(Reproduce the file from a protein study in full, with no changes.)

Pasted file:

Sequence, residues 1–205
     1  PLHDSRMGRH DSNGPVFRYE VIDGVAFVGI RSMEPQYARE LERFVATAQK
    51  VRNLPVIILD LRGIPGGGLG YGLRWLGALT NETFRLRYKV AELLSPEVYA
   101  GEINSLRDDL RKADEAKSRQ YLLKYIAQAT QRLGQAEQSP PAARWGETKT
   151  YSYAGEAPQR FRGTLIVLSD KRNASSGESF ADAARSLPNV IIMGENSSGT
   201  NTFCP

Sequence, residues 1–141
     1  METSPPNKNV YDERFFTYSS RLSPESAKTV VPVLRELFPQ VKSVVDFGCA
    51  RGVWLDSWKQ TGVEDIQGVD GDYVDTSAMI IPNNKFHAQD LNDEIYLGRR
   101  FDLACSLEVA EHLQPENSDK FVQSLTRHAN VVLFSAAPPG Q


Sequence, residues 1–205
     1  PLHDSRMGRH DSNGPVFRYE VIDGVAFVGI RSMEPQYARE LERFVATAQK
    51  VRNLPVIILD LRGIPGGGLG YGLRWLGALT NETFRLRYKV AELLSPEVYA
   101  GEINSLRDDL RKADEAKSRQ YLLKYIAQAT QRLGQAEQSP PAARWGETKT
   151  YSYAGEAPQR FRGTLIVLSD KRNASSGESF ADAARSLPNV IIMGENSSGT
   201  NTFCP

Sequence, residues 1–141
     1  METSPPNKNV YDERFFTYSS RLSPESAKTV VPVLRELFPQ VKSVVDFGCA
    51  RGVWLDSWKQ TGVEDIQGVD GDYVDTSAMI IPNNKFHAQD LNDEIYLGRR
   101  FDLACSLEVA EHLQPENSDK FVQSLTRHAN VVLFSAAPPG Q